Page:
The entitlement economy bites (Assam edition)

The descendents of tea estate workers—transported to Assam from Bihar and Jharkhand by the British—engage in public protests in Guwahati. They want, you guessed it, to be classified as scheduled tribes (STs) so that they too can receive the benefits of reservations. But the citizens of Guwahati, largely ethnic Assamese, resent this disruption to their daily life and business. The state government is unable or unwilling to ensure the maintenance of law and order. One woman protester is molested, disrobed and beaten by men, one of whom had his fast-food stall destroyed by the protesters. There’s a national outcry over the manner the poor tribal woman was treated.

What a bloody mess!

But also, how unsurprising. Thanks to the general ‘remoteness’ of the North East and the propensity of the players to cast the ethnic conflicts of the region in secessionist/separatist terms, there has been a tendency to ignore the enthic chauvinism that underpins much of the politics and violence. Just look at the names of the political student’s movements in Assam alone: you have everything from the All-Assam Students’ Union, to the All-Bodo Student’s Union to the All-Adivasi Students’ Association of Assam to the All-Assam Tea Tribe Students Association (AATSA). They have diverse political goals and levels of organisation. But they are all organised along ethnic lines. Traditional ethnic tensios and post-Mandal politics easily edge these organisations into pursuing the most parochial of agenda.

And when you introduce the politics of entitlement into this mix of ethnic politics, you should not be surprised that you’ll see clashes between those who stand to make relative gains and those who stand to suffer relative losses. That they will resort to violence is also a given: because violence grabs attention—not least of the television news channels. And also because such violence is hardly ever punished. The Gujjar-Meena clashes in Rajasthan and the Dera Sacha Sauda tensions in Punjab earlier this year point to a new threat to domestic stability. Unlike jihadi terrorism, this one is entirely home-grown. It is naive to believe that the law enforcement machineries of even the most well-governed states can cope with a descent to large-scale mob violence of this nature.

As long as the entitlement economy creates incentives for ethnic/caste mobilisation political violence of this nature is only to be expected. The good citizens of the country—outraged by how one woman’s modesty was outraged—need to ask why these ethnic-caste conflicts are getting more frequent and more violent?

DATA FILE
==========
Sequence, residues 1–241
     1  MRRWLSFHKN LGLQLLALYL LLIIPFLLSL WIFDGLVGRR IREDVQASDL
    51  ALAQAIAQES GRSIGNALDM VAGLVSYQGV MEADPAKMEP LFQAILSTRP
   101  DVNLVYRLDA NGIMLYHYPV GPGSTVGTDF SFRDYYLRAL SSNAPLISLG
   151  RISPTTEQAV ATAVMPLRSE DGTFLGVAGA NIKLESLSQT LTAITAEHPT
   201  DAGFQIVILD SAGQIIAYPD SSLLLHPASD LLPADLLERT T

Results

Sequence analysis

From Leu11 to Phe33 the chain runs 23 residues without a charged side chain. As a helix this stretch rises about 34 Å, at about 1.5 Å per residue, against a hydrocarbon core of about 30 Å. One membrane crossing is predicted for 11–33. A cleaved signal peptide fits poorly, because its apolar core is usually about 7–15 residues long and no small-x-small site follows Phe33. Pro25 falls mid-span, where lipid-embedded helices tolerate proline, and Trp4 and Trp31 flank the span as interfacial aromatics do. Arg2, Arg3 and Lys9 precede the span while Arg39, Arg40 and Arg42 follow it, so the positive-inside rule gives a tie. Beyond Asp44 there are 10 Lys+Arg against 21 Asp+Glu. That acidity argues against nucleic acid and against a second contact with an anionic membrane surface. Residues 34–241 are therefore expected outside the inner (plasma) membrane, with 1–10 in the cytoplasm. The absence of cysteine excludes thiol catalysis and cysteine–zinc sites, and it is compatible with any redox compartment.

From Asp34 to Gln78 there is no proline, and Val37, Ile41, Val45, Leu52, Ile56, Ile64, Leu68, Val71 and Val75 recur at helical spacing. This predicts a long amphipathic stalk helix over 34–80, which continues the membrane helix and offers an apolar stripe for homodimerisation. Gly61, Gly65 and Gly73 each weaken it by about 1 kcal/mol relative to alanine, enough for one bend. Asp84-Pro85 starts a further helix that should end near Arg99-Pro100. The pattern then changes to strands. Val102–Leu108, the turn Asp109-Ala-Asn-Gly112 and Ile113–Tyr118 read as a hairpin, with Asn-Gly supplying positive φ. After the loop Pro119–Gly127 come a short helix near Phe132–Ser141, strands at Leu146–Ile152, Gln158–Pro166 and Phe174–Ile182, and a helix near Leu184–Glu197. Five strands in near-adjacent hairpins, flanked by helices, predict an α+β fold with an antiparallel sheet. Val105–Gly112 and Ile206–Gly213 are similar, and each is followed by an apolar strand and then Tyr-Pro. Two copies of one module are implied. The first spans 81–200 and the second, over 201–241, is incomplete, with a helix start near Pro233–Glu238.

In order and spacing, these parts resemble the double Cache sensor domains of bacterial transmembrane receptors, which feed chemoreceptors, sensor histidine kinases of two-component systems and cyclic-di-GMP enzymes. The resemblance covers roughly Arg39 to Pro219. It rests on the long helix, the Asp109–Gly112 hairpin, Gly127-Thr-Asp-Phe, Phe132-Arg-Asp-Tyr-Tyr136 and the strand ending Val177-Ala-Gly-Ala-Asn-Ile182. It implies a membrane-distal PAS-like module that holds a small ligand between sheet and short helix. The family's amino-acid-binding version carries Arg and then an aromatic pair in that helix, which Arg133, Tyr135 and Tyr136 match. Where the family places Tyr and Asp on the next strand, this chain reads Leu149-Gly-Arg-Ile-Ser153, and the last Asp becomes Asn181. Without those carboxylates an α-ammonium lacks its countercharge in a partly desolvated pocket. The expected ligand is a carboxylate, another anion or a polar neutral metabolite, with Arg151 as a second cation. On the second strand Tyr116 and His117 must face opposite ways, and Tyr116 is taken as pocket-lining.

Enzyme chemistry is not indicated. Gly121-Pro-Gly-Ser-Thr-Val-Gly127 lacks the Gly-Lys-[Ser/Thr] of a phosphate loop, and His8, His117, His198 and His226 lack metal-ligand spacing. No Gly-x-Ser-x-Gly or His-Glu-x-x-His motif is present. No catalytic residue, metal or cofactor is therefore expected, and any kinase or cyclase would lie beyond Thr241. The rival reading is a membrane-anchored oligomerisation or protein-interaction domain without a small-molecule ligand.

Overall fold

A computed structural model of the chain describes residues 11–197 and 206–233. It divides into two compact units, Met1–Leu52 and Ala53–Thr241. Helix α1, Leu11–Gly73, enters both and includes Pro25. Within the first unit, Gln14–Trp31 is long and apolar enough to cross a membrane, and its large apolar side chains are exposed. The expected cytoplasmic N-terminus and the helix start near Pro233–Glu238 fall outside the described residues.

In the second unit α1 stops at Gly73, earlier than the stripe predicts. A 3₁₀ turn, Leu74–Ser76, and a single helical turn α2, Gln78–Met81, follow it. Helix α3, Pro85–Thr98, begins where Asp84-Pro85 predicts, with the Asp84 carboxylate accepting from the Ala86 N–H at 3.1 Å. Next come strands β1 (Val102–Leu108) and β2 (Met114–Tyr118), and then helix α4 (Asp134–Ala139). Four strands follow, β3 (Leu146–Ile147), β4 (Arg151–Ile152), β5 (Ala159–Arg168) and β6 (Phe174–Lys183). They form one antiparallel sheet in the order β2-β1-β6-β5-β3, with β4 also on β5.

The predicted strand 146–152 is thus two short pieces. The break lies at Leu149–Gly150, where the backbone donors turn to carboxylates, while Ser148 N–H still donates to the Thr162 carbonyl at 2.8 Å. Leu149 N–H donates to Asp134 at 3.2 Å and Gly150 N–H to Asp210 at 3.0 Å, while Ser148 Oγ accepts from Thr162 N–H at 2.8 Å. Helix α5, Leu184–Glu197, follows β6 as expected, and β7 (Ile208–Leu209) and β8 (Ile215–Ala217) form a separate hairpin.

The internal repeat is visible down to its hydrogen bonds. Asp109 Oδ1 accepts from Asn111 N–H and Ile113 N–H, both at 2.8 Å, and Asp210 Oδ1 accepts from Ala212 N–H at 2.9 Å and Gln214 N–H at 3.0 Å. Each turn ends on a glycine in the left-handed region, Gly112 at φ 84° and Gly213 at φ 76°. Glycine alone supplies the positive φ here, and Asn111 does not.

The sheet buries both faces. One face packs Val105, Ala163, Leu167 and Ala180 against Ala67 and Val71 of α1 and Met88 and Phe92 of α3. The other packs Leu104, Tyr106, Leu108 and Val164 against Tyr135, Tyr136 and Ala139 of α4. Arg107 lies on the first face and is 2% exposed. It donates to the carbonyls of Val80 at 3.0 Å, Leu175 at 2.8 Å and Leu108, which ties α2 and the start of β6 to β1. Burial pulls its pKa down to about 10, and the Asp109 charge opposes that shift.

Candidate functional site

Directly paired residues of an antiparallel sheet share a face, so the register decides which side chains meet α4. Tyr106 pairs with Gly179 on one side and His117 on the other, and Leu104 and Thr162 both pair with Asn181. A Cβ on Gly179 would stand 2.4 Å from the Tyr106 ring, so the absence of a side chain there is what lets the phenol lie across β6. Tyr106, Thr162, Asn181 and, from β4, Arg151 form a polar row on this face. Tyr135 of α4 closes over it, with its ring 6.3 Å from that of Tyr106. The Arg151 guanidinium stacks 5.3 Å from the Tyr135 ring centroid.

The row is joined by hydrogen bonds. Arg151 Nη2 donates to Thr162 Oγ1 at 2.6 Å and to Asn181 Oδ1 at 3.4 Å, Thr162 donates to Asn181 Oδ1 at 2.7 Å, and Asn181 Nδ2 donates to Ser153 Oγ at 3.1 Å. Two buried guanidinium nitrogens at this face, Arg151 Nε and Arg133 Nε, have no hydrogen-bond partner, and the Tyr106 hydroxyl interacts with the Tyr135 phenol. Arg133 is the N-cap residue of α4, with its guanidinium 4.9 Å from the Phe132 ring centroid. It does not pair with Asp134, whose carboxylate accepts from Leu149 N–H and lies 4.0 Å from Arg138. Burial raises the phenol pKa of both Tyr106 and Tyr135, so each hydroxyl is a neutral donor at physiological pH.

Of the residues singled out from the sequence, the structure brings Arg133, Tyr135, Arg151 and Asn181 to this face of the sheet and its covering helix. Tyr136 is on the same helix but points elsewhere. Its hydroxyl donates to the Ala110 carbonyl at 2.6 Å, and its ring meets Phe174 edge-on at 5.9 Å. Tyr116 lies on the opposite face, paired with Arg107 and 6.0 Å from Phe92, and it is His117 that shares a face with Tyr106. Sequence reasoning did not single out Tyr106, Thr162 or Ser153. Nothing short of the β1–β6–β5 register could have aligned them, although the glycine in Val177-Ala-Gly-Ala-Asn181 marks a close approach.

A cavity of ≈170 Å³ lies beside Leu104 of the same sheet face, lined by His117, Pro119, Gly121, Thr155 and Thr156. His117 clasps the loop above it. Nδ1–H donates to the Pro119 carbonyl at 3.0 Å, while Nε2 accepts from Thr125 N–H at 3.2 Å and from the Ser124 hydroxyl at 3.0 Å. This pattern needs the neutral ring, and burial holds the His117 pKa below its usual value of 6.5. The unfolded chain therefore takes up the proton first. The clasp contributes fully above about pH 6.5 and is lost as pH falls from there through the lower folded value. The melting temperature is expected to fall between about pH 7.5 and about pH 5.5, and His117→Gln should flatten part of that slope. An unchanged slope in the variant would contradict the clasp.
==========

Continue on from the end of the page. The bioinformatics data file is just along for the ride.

3 thoughts on “The entitlement economy bites (Assam edition)”

  1. >> need to ask why these ethnic-caste conflicts are getting more frequent and more violent?

    I think because people are being denied opportunities to voice their opinions.

    1. there is a decline among regional and ethnic parties. they are becoming personal fiefdoms. I predict large scale farmer/regional violence in Karnataka once it becomes a two-party state. Isn’t the Gurjar-Meena conflict also a result of the two-party system? Either parties promise the moon while in opposition, knowing fully well that the demands are unjustified and cannot be met. Such espousal should have come from fringe caste parties, not Congress or BJP.
    2. the decline of communist parties. Ever since CPM became the B team of the Congress party to oppose the BJP, there has been a vacuum in the left of center space. Maoists have filled that space. the media, BJP and now even Karat have painted the maoists as terrorists.
    3. the complete bankruptcy of the national media . This appalling decline brought about by TV journalism has misplaced priorities. Little wonder that Salman Khans and Jessica lals get much more coverage than nandigrams and bodolands. Can you believe blood thirsty mobs in Delhi are not satisfied with the 2 year sentence given to Uphaar accused. Even such causes get national attention, but the aspirations of millions in India’s interiors only get a passing reference in the national media.
    4. politicians no longer espouse causes . when they rarely do like Karat espousing anti-imperialism, they get ridiculed by the media including this particular blog! these days parliamentary debates are not news worthy. thats just going thru the motions. If media had maintained the custom of reporting what happens in parliament/assemblies, someone might have spoken about nandigram or this adivasi ST demand. And the protesters might have got some assurance that politicians are ‘seriously’ talking about them.
    5. the general apathy or the greedy indian middle class. Unless the protesters do something dramatic, this core of Indian populace will not bother to look at them. One only had to read the blogs of educated middle class indians about the Ram Setu controversy to understand how appallingly ignorant they had become. “I want my God untouched. I don’t give a damn about what this project is about” was the general theme.

  2. Nitin,

    Excellent post. I have more to say on this than would fit a comment, so I wrote an entire post (with link back, of course).

    Spontaneous protest arising from entitlement politics, yes, but stripping and molesting women? I am not sure if economics and politics had much to do with that!

Comments are closed.